Optimal timeframes & summary

Evidence-based guidelines, where they exist, should inform timeframes. Treatment teams need to recognise that shorter timeframes for appropriate consultations and treatment can promote a better experience for patients. Three steps in the pathway specify timeframes for care. They are designed to help patients understand the timeframes in which they can expect to be assessed and treated, and to help health services plan care delivery in accordance with expert-informed time parameters to meet the expectation of patients. These timeframes are based on expert advice from the Acute Myeloid Leukaemia Working Group.

Timeframes for care

Step in pathway

Care point


Presentation, initial investigations and referral

Signs and symptoms

Presenting symptoms should be promptly and clinically triaged with a health professional

Initial investigations initiated by GP

The GP should begin investigations immediately if AML is suspected

Laboratory results should be actively followed up and progressed on the same day

Referral for emergency assessment/ Initial referral

Patients with sepsis, bleeding or severe symptoms should be regarded as a medical emergency and be referred immediately to an appropriate emergency facility without necessarily waiting for results of laboratory tests (same day)

Patients with a laboratory diagnosis of possible AML should be referred for an urgent assessment by a haematologist at an appropriate facility within 24 hours (unless advised otherwise by a haematologist)

Diagnosis, staging and treatment planning

Diagnosis and staging

Morphological assessment to identify APL should be conducted immediately and the result conveyed to the treating physician as soon as possible

For all patients with AML, other results necessary for immediate management decisions should be available within 72 hours of the patient presenting

Multidisciplinary meeting and treatment planning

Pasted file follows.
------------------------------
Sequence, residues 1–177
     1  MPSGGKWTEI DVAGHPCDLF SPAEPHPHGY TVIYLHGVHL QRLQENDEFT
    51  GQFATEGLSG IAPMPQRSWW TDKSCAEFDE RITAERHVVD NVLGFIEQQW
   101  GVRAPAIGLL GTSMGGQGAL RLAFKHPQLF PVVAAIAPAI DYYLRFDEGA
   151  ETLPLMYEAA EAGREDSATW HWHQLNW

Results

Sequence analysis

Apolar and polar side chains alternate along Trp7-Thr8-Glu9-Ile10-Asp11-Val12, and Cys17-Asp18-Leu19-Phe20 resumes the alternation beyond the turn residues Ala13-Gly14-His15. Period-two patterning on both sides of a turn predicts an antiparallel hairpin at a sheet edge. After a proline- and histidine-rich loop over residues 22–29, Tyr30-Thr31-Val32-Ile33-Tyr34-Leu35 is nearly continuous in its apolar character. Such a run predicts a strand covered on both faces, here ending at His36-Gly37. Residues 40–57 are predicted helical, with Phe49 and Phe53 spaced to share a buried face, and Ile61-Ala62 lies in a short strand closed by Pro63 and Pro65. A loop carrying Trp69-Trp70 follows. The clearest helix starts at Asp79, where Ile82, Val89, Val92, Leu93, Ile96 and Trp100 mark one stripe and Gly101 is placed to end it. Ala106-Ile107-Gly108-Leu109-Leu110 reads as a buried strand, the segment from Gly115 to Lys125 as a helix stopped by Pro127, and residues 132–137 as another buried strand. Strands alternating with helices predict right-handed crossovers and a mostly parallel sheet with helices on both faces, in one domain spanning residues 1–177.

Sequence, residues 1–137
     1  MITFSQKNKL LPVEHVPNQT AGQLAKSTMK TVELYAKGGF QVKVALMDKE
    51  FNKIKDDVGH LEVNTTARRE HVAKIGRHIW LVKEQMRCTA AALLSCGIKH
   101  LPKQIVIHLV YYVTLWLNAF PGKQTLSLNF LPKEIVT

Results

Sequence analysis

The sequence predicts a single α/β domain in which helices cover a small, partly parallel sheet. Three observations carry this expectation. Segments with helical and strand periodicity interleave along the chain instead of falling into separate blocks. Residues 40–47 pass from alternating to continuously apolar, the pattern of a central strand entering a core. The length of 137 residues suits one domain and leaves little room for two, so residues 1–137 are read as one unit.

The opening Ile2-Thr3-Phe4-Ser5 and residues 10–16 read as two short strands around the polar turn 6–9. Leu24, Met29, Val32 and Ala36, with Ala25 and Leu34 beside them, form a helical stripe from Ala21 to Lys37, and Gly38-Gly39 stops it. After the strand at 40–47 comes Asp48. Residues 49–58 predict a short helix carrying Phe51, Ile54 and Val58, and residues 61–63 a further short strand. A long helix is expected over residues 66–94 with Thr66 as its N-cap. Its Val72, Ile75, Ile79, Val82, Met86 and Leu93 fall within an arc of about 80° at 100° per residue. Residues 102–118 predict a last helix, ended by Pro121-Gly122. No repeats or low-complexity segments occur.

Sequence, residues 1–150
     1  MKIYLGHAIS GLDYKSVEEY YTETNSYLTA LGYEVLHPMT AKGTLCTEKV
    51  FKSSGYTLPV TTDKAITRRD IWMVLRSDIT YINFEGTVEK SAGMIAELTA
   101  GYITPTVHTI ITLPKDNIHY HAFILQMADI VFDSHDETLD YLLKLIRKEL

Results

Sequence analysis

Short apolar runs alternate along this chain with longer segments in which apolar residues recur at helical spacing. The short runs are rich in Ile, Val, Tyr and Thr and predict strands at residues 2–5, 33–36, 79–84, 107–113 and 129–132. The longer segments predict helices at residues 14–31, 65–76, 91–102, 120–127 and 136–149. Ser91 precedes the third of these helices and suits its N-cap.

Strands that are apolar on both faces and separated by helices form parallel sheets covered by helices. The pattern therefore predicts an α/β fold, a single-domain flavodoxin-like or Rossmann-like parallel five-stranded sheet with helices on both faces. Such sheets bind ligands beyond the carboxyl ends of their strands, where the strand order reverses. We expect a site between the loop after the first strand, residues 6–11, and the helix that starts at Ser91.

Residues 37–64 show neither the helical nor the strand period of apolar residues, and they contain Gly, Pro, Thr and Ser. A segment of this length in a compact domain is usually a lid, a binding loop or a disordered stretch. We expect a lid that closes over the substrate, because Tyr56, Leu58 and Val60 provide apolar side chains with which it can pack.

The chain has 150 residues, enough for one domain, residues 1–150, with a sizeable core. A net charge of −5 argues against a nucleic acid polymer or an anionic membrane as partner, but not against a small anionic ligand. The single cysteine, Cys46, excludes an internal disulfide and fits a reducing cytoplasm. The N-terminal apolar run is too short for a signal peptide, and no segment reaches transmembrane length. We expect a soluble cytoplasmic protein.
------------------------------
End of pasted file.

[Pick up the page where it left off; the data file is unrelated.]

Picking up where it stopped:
Immediate treatment is often required before a full MDM ratifies the management plan details. Multidisciplinary input is likely to be required at several points after the first treatment begins


Systemic therapy

Induction therapy should start promptly once a diagnosis is made and a treatment plan for intensive chemotherapy is confirmed

Consolidation therapy should start within 6 weeks of induction chemotherapy beginning

Allogenic stem cell transplant

Donor searches should begin for all anticipated allogeneic stem cell transplant (allo-SCT) canditates in first remission (CR1) patients as soon as their risk status is known

Radiation therapy

Radiation therapy may be used for symptom control in palliation and occasionally for treatment

Seven steps of the optimal care pathway

Step 1: Prevention and early detection

Step 2: Presentation, initial investigations and referral

Step 3: Diagnosis, staging and treatment planning

Step 4: Treatment

Step 5: Care after initial treatment and recovery

Step 6: Managing relapsed or refractory disease

Step 7: End-of-life care

This pathway covers acute myeloid leukaemia (AML) in adults, including acute promyelocytic leukaemia (APL). AML is the most common form of acute leukaemia in adults (NCCN 2019). The yearly incidence rate of AML in Australian adults is 3.9 cases per 100,000, with a five-year survival rate of 28 per cent (AIHW 2019).